Whether you live in a town or a remote rural area, remember that you still may have access to helpful resources like parks, museums, and libraries. Even if your family lives out in the country, you can take your kids into town for the day and let them explore museums, planetariums, or natural parks. A change in environment can spark a child’s imagination and passion, and the flexibility of homeschooling means that any day can be a field trip day.

In addition, you should take the time to get access to some standardized test samples so your children can prepare for tests. If you have access to local or online test prep classes, take advantage of them. As tests are still important for access to upper education and high school certification, you should still teach your children good test-taking and essay-writing skills.

Let Them Teach

If you feel tired of teaching and wish you could just take a break, you’re in luck! Let your child be the teacher for the day. Nothing helps children internalize what they’ve learned like teaching someone else, whether it’s you or their siblings. If you have daily short lessons, let your children take the lead and talk about a favorite topic. Let them be creative, and don’t constrain them by traditional ideas of what topics are ‘educational.’

If you prefer a less structured curriculum, then make a habit of asking your children questions about what they’re learning and thinking. Ask them questions about what they read and let them take the lead in your conversations. Let them feel smart by showing real interest.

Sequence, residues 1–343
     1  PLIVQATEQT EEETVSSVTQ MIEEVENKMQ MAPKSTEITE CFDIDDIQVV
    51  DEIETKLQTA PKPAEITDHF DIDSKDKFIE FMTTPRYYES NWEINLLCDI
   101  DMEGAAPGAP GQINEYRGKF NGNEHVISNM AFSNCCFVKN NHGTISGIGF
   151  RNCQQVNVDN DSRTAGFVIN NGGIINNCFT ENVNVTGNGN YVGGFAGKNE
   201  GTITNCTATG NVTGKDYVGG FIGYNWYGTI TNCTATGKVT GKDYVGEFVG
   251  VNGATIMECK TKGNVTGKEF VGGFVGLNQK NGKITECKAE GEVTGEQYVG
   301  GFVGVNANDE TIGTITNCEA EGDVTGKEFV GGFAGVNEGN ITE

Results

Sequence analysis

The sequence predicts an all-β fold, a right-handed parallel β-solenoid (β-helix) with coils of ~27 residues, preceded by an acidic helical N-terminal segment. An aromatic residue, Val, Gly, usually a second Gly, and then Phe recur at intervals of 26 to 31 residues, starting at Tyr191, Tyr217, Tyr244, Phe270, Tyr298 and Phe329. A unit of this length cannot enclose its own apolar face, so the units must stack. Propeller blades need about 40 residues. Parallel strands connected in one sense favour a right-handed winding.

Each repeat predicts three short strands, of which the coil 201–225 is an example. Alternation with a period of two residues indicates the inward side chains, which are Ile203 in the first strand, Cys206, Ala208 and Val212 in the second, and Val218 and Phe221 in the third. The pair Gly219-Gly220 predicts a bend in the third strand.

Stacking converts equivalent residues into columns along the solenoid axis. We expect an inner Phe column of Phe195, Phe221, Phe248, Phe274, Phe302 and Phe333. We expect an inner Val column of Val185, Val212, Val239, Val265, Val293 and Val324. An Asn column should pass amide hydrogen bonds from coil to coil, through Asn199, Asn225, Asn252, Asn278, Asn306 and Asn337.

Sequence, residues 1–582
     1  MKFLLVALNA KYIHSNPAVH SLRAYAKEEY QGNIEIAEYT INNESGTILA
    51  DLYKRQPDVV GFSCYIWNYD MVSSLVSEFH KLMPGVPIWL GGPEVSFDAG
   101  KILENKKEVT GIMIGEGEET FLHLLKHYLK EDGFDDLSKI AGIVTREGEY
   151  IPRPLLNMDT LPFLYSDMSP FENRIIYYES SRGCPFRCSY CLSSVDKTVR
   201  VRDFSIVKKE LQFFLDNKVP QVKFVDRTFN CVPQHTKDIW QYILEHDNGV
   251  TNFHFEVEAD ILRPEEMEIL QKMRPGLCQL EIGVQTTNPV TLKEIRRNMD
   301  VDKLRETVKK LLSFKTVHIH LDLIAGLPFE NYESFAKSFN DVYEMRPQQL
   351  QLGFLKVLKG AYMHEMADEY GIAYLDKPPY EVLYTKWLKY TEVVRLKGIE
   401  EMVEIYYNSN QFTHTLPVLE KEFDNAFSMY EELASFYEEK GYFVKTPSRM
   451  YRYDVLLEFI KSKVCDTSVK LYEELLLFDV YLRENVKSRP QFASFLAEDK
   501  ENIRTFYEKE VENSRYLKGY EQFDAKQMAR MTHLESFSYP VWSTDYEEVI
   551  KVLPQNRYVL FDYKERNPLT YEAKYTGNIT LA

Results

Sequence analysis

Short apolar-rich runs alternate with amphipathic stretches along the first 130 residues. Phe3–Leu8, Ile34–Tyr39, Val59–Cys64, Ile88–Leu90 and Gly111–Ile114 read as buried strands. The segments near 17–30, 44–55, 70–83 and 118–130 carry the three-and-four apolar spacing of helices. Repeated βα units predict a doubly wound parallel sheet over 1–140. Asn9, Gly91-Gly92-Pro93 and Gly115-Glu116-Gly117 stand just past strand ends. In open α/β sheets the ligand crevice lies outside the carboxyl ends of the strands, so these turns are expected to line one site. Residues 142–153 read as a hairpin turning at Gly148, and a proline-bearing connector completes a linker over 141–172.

Follow Their Lead

Children may not be able to articulate their needs as much as adults, but that doesn’t mean that they don’t understand their own learning style. Some children may be sluggish in the morning, while others are early risers. Some children may learn best in hands-on, messy experiments, while others may need absolute quiet and a comfortable room to focus in. Expecting your children to follow strict daily regimens and schedules is not always best for their lifestyle and learning. Let your children show you what they need and give them a chance to direct their own schedules, within your guidelines.

Serve Others

Volunteering and serving your community are great ways to help children feel connected to their surroundings and understand their place in the world. There are many volunteer organizations that allow children to get involved, from animal shelters to clothing drives to nursing homes. Not only will your children learn social skills and gain real-world experience, they will also learn to put others first.

Where homeschooling is concerned, you must always be flexible. Things that work one year may need changing the next year. Some years you may focus on mathematics and reading, while other years you may focus on science, gardening, and nature. Embrace the natural flexibility and loose boundaries that homeschool provides and be willing to adjust accordingly.

You may feel that you aren’t qualified enough to teach your children. Perhaps you feel you’ve already made a lot of mistakes, but don’t give up hope. You don’t actually need to be a perfect teacher in order to homeschool your child. If you are concerned about properly meeting your children’s needs, then take the time to write up a list of concrete goals to work towards. But always remember that the most important thing any parent or educator can do for a child is to get them to love learning.

After all, if they love learning, then nothing can stop them from getting educated.

by Deborah Goldberg